Margus Palolill was born and raised in south-east Estonia, where the culturally distinct, orthodox region of Setomaa is situated. He studied environmental sciences at the University of Tartu and did a master’s degree in Geology. During his studies he took an interest in southern Estonian solid clay buildings and his primary field of research at university was the contents and characteristics of various clay materials used in the traditional, historic, clay buildings of Setomaa. He also collected information about the building styles and architecture of the local clay buildings, contributing thus to the understanding and conservation of this unique but fast disappearing craft.
While studying clay buildings, Margus became interested in the craft of Estonian traditional log-building – as the primary material for farm-houses. He started as an apprentice working on shingle roofs and some years later he joined a traditional log-building company, Saulerman, where he learned how traditional handcrafted log-houses are produced industrially – ie. in a fast, efficient and profit-oriented way. Although he was grateful for the experience, he soon realised that there was more he wanted to know about the science of timber and woodcraft than just mastering the production of log-houses. From 2009-2011 he worked for the Räpina School of Horticulture as a log-building teacher to landscape architecture students. In 2013, he opened up his own carpentry workshop and is currently specialising more on the skills of cabinetmaking. The primary produce from his workshop is wooden doors and windows but he also makes also indoor and outdoor furniture.
In 2005, Margus bought an old farmhouse in Setomaa and started to renovate it in a responsible way, so that its historic appearance would be preserved. Estonian vernacular farm architecture is devoid of ornament or decoration and is notably plain and modest with a particular room structure. Retaining the historic appearance and simultaneously adapting it to modern family life was therefore a real challenge. However, Margus believes in taking things slowly and gradually learnt about the history and character of his old house. He even interviewed the former inhabitant of the house in order to gain more information about it. He finally moved in with his family in 2007 and continues the renovation at an equally slow pace still aiming for authenticity. In 2008 he built a traditional smoke-sauna.
Drawing from his experiences in traditional log-building, renovation and teaching, he joined Vanaajamaja in 2009 as a log-building instructor and adviser on old wooden houses. Vanaajamaja is an Estonian non-profit organisation that is dedicated to the studying and teaching of traditional building crafts. Margus has been tutoring traditional log-building courses at Vanaajamaja since 2009 and in 2012 he started to teach international log-building courses on Estonian smoke-sauna construction. During the six day workshop, the participants are taught how the log structures were built in the old days with only hand tools. They will learn traditional Estonian log-building by cutting and raising a traditional smoke sauna (in est. suitsusaun), which is a sufficiently small log building but nevertheless an iconic form in Estonian vernacular architecture. Workshop participants will also hear about the historical and cultural context of log-building in Estonia, and about historic buildings and restoration techniques and usually Margus also covers also the importance of the smoke sauna and Estonian sauna culture in general in his courses.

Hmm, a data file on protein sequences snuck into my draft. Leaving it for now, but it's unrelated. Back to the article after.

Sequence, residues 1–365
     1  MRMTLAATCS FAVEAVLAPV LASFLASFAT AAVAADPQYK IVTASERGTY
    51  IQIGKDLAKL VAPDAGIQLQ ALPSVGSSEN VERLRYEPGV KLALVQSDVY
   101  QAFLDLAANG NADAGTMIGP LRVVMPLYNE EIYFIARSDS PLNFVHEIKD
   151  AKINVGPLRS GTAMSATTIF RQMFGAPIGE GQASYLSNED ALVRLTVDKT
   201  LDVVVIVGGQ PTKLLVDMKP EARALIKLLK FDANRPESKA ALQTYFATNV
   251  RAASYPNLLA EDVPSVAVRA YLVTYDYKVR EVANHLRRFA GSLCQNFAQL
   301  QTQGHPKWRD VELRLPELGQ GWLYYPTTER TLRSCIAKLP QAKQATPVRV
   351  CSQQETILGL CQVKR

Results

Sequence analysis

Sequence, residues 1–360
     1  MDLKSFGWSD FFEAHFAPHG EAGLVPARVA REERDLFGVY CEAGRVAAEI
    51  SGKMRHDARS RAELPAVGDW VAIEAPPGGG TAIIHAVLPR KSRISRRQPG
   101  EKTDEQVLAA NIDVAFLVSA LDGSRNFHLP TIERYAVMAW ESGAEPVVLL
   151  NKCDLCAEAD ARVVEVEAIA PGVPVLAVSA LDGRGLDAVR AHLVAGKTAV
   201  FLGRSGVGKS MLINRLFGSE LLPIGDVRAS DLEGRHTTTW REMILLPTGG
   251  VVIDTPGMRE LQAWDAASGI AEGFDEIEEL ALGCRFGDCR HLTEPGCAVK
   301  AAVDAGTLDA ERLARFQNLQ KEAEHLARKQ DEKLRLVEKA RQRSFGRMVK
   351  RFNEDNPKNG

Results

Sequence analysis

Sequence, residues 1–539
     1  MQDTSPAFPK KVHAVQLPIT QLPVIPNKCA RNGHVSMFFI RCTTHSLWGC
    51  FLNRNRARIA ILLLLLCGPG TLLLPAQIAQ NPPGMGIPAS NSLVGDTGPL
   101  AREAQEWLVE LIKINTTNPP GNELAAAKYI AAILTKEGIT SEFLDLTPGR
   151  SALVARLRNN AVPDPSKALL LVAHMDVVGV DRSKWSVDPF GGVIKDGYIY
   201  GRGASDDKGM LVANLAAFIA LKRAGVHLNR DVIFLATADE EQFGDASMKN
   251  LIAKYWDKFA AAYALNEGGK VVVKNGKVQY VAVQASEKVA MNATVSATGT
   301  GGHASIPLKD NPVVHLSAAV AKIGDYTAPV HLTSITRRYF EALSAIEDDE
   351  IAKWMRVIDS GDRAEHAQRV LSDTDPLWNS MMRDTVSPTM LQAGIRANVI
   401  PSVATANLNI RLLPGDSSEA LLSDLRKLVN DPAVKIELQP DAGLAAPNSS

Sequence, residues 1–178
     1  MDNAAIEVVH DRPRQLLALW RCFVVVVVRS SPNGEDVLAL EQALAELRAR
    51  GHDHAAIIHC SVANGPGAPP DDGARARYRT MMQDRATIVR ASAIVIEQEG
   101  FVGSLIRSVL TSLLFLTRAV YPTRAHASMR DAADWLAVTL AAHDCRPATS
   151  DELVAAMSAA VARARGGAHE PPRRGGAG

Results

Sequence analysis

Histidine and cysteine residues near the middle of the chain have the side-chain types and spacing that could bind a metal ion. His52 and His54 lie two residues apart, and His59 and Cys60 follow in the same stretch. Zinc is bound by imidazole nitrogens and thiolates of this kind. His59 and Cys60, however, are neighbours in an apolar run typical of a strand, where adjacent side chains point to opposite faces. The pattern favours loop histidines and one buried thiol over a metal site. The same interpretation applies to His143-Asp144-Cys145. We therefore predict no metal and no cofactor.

Estonians are in general, fond of stressing that their ancestors have lived in their present location for thousands of years. The history of architecture in Estonia starts with cone-shaped tents and stone graves, continues with fortified settlements and unique barn-dwellings, and somewhere in between the smoke-sauna appears, which is a small log-built sauna without a chimney and is common to all Balto-Finnic people, including Latvians-Lithuanians, Finns, Karelians and Estonians. As the social status of Estonian villages did not change much until the 19th century, this type of building endured perhaps for centuries. During the 20th century, smoke saunas in most of Estonia were gradually replaced by Finnish saunas. However, it would appear that southern Estonians have the smoke sauna tradition more deeply rooted in their culture. Saunas of traditional design there have been more resistant to the changes of modern times than in other countries, and historic smoke-saunas are well preserved and popular despite the inconveniences of a longer heating time and greater consumption of firewood. The smoke sauna tradition is an important part of everyday life for most southern Estonian families. It comprises a rich set of traditions including the actual bathing customs, the skills of making bath whisks, of building and repairing saunas, and of smoking meat in the sauna.
The building material is usually Scotch pine or Norwegian spruce and most of the traditional joints and notches are covered.
Although knowledge about traditional sauna customs is still widely spread, the skills of building the saunas that were also common once, and taught by fathers to sons, have mostly disappeared these days. Margus and the rest of the Vanaajamaja team do their best to encourage people to learn how to preserve, restore and build their own log-buildings including smoke saunas.